CHARLOTTE – Meet the leaders of Raleigh-based QHP Capital in these profiles that accompany a corporate overview from Business North Carolina:

After working for healthcare technology companies for more than 30 years, Davenport joined NovaQuest Capital Management in 2017. His early career involved working for global operators IBM, Siemens and Eastman Kodak before he returned to Raleigh in 2007 as CEO of Misys Healthcare Solutions. St. Louis-based Allscripts bought the company a year later and Davenport stayed on a couple of years, then led Triangle-based healthcare companies  M*Modal and Medfusion before moving to NovaQuest.

A key part of Davenport’s role is helping QHP’s portfolio companies establish clear operating procedures to track performance and promote accountability. The systems-oriented approach that he developed through his CEO experience has repeatedly paid off in accelerating revenue and profits, he says. It’s also a differentiator from other PE groups competing for acquisitions, he adds.

Davenport is a former varsity football player at East Carolina University, where he is a former chair of the board of trustees. He’s now on the board of ECU Health, which oversees the largest hospital network based in eastern North Carolina. Understanding the perspective of hospitals is helpful for his QHP work, particularly given financial struggles facing many providers, he says.

The first QHP partner worked for hospital systems HCA Healthcare and Carolinas Healthcare (now Atrium) before moving into the finance sector in 2008. He worked for Raymond James Capital Markets and State Street Global Advisors before moving to Teacher Retirement System of Texas, one of the largest U.S. endowments with more than $180 billion in assets.  His healthcare investing experience there from 2012-15 led to contact with Quintiles founder Dennis Gillings. He joined affiliate NovaQuest in 2015 and helped build the foundation of the private-equity group, which renamed itself QHP in 2021.

Edwards earned a bachelor’s degree at the University of Tennessee and has an MBA from UNC Chapel Hill. 

After working as a consultant in Washington, D.C., Jenkins returned to North Carolina 20 years ago to focus on health care investing. From 2005-11, he worked at health-records company Misys and its acquirer, Allscripts, taking part in growth of revenue from $350 million to $1.3 billion. He then spent four years at health information services vendor M*Modal before joining RTI International as head of corporate development and private equity investments.

The not-for-profit, Durham-based RTI is one of the largest U.S. research organizations with nearly 5,900 employees and annual revenue of $1 billion. It was started by the Triangle universities, who wanted to promote research.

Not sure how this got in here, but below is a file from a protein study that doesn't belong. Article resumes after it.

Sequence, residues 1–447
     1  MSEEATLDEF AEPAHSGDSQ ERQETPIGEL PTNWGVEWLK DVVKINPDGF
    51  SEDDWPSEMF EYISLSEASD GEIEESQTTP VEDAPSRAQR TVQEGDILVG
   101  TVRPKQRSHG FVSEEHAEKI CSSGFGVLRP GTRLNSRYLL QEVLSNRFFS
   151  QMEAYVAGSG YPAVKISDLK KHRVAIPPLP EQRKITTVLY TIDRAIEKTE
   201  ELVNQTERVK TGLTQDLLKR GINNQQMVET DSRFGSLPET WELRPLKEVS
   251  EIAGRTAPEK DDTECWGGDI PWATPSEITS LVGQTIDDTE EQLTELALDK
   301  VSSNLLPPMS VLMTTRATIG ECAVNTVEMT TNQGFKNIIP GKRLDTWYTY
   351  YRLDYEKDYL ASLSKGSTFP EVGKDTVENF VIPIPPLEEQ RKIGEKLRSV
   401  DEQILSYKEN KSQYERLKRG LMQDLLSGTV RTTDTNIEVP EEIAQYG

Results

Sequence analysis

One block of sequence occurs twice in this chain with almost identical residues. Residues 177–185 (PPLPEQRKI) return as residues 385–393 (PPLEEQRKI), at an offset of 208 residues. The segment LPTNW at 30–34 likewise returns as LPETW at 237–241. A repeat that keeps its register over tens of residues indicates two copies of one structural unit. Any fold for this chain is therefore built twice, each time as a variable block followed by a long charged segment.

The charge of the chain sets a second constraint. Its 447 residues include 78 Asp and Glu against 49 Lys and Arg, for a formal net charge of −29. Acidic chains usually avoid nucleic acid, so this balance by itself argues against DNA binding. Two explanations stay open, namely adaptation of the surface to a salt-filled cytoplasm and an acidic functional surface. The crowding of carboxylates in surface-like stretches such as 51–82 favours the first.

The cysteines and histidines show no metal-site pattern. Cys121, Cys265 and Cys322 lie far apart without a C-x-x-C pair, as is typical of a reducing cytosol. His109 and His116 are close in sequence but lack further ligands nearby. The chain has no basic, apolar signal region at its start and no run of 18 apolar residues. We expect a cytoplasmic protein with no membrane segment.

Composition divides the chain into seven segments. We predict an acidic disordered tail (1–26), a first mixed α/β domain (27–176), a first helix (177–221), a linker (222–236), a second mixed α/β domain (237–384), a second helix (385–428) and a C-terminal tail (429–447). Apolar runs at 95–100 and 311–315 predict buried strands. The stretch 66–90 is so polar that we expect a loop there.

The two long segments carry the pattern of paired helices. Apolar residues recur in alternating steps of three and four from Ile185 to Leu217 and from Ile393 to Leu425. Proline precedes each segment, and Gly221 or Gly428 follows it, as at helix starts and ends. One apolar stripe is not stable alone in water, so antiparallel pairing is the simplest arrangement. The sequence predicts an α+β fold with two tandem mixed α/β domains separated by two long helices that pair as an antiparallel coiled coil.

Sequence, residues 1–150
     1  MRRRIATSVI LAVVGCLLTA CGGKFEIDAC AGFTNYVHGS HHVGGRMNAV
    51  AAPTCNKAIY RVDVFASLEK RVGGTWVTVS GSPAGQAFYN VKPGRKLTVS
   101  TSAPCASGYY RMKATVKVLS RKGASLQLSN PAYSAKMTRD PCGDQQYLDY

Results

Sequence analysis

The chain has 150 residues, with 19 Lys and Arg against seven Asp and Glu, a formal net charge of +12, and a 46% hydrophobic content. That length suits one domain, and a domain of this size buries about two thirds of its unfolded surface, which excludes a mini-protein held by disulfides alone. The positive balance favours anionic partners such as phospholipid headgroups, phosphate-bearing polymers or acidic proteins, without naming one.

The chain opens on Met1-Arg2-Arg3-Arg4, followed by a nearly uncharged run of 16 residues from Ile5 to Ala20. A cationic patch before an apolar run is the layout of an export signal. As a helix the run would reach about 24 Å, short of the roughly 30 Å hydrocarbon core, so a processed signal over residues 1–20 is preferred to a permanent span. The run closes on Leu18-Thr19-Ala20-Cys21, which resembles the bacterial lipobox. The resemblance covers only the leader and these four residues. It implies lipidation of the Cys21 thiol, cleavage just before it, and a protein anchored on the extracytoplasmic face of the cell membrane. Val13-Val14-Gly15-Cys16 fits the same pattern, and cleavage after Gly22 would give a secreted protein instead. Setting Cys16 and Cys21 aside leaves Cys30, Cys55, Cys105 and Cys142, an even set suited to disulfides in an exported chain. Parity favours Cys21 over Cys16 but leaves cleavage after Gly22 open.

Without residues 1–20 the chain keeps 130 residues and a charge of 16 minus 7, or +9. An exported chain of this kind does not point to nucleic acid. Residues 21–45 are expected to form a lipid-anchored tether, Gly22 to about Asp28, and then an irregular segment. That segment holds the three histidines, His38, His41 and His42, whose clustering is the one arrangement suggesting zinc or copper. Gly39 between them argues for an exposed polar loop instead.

Jenkins helped start a private-equity unit that co-invested with QHP in Winston-Salem-based Clinical Ink, which supports clinical-research trial organizations.

He’s a big believer in QHP’s role in expanding the Triangle’s life sciences industry. “Many Raleigh-Durham businesses would like to do more business with local firms. There are lots of entrepreneurs trying to bring new drugs to market.”

Jenkins has bachelor’s and MBA degrees from UNC Chapel Hill.

Poole joined in December 2019, bringing 19 years of experience as an investment banker at Morgan Stanley in New York. He advised companies in many industries, including the power and utility sectors. He returned to Raleigh in 2013 to become president and a director at Triangle Capital, and later succeeded founder Garland Tucker as CEO in 2017. 

A year later, Triangle Capital sold its assets to a New York investment firm with management oversight shifting to Charlotte’s Barings.  

Poole’s interactions with Vern Davenport, a veteran Triangle tech executive, led to his move to QHP. “I was intrigued by the market for pharma services and I was surprised by what an opportunity existed in Raleigh.” He notes the area is No. 3 nationally in funding from the National Institutes of Health, reflecting the Triangle’s strong university research base.

Helping the region build on its strengths in life sciences, electronic medical records and other healthcare sectors is a key QHP goal. “We’ve shown we can be a really good partner and help founders grow and scale their businesses and create a lot of value.”

Poole is the son of the late Gregory Poole Jr., one of Raleigh’s most successful business leaders. He has a bachelor’s from UNC Chapel Hill and an MBA from Northwestern University.

The Seattle native joined Edwards at NovaQuest Capital in 2016 after six years in private-equity investing with BlackRock, the giant New York investment firm that manages $10 trillion. NovaQuest’s leadership had strong statistics and drug industry experience, but hadn’t directly invested in the equity of middle-market companies. 

Edwards and Sorensen had known each other previously. “Jeff told me it would be a great place to raise a family, and he’s been absolutely right,” says Sorensen, who was working near Philadelphia at the time. For his wife and six children, “it’s a much better place.”

QHP’s focus on healthcare companies also provides a sense of mission that differs from traditional private-equity investing by a giant institution like BlackRock, he says. “Everyone likes helping patients.”

Sorensen has a bachelor’s degree from Brigham Young University, along with master’s degrees from Harvard University and the Wharton School. 

(C) Business North Carolina

Private equity firm QHP Capital building an empire on legacy of Quintiles founder Dennis Gillings